At my last job, I was, among other things, in charge of a free ESOL program for adults.
As you might know, my students were basically two main groups: well-to-do trailing spouses of East Asian businessmen, and underprivileged parents from our preschool, who were usually Latin American but not always.
And as you might guess, the well-to-do students usually needed less help but showed up far more reliably. I wanted to help the other students, but our funders needed bodies in the room, and sometimes you just have to search for the students who will be there.
A lot of funding is this way, of course. Going after the truly neediest isn't sexy, and succesful metrics are sexy. And I knew that if I expended energy and money on trying and trying and trying various interventions on students who were likely to vanish, we would possibly lose the money paying the salary of the woman who helped me run the program and taught many of the classes.
I actually decided to go back to school for this reason, along with the simple desire to author my own studies and professional writing.
I think there's a way for such programs, free programs for adults with less means or time, to flourish, to keep students engaged, to keep them in the room, to prove themselves worthy of the type of funding other programs (particularly those for children) receive.
I'm reading yet another book on behavioral economics, and the book makes it clear that the way education is planned for the poor or otherwise challenged isn't really working. We can all point to a very dedicated student or two - I know we had some! - but we can't point to people who aren't present. I admit I got frustrated with the students on occasion - I really got mad when they wouldn't come. But I was ultimately annoyed with myself because I couldn't figure out how to make it work.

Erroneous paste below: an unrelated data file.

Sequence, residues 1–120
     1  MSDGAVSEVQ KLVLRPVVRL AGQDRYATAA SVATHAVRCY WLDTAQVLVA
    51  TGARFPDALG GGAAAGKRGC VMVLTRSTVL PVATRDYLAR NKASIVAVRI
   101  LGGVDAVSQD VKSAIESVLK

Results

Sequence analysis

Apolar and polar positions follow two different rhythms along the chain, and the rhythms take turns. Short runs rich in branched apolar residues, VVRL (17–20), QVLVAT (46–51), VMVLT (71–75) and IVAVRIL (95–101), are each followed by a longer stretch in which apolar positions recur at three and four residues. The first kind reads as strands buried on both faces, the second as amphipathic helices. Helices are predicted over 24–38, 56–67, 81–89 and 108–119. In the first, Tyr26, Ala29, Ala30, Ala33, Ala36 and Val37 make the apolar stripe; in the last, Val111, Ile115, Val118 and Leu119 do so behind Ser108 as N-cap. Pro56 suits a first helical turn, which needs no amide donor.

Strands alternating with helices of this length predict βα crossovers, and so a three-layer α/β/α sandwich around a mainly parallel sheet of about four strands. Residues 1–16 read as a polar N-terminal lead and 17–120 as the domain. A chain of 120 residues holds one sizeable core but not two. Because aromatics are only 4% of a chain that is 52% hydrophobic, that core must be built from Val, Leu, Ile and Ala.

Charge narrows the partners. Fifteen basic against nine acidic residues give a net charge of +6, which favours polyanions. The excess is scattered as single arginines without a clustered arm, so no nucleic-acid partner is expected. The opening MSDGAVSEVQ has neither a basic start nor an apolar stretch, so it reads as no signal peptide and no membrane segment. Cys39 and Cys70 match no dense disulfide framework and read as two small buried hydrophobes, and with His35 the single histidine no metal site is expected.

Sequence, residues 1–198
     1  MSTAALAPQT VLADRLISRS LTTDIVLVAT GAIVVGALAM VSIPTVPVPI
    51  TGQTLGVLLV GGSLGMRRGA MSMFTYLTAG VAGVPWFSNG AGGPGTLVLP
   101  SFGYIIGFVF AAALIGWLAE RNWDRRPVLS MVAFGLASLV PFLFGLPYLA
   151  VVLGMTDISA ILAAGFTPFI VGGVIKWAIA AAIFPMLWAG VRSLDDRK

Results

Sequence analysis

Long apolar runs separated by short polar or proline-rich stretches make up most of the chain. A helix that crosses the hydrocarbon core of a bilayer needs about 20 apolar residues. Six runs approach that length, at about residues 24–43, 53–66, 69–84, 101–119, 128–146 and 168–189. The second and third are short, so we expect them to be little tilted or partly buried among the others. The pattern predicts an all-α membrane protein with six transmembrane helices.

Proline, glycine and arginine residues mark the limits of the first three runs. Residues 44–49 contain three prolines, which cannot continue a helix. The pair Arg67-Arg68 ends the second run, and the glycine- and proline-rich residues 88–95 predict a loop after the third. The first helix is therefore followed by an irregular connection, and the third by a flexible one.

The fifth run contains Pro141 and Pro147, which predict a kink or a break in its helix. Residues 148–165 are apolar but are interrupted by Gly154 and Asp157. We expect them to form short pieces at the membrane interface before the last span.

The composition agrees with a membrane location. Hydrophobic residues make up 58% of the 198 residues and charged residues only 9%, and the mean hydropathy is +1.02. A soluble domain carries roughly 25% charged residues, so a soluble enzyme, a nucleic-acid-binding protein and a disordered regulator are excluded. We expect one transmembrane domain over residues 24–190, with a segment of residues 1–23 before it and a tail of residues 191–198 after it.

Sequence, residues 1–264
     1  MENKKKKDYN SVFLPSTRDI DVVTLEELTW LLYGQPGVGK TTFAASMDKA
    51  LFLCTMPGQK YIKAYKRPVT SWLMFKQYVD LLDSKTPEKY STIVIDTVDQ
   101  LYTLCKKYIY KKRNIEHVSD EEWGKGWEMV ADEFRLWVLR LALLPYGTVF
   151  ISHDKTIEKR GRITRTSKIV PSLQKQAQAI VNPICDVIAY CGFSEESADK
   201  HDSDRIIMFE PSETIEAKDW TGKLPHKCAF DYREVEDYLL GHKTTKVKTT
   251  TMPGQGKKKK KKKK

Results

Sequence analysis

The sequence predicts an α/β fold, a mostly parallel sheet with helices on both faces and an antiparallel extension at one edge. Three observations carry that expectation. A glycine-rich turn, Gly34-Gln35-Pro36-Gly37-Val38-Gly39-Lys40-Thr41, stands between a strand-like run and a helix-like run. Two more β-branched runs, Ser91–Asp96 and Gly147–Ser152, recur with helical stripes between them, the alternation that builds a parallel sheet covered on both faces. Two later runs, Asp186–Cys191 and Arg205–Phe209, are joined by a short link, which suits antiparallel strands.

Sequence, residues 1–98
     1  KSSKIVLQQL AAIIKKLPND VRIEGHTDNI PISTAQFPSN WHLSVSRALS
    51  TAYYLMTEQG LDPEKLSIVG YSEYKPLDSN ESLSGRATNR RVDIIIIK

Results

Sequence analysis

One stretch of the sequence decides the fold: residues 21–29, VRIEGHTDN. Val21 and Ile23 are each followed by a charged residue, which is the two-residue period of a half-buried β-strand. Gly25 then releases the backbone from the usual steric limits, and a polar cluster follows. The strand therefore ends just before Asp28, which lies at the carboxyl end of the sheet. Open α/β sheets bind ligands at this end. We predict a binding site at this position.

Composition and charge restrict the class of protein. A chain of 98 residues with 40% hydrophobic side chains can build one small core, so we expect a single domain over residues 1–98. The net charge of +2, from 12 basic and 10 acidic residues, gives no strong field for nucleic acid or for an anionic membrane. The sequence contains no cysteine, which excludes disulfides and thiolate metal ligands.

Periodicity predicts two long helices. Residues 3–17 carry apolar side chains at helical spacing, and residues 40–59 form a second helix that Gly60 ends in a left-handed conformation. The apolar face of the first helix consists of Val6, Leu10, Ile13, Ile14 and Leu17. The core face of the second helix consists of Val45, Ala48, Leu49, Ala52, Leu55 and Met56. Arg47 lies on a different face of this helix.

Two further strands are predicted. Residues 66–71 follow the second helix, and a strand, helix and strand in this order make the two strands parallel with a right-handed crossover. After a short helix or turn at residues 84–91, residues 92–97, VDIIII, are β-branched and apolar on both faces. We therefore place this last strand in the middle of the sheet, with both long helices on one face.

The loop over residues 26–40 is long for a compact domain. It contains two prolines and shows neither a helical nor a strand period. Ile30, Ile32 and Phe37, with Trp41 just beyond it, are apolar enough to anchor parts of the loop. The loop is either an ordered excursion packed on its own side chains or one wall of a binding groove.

There is a way. The way is removing hassle factors, reducing cognitive load, and providing the concrete path towards reducity scarcity in their lives. WHICH hassle factors, HOW to reduce cognitive load, this will have to be studied. If what is distracting them is unpaid bills, does an organization offer short-term low-interest loans to students? Does it offer childcare? How close does it need to be to their homes for them not to find attending a hassle? What if the courses were shorter, so they didn't seem as overwhelming?
This can be answered. No one is truly asking (or maybe they are and I can talk to them). There is room for an adult education nonprofit that seeks to educate vulnerable adults in a way that isn't just throwing services at them but really meets them where they don't even realize they can be met.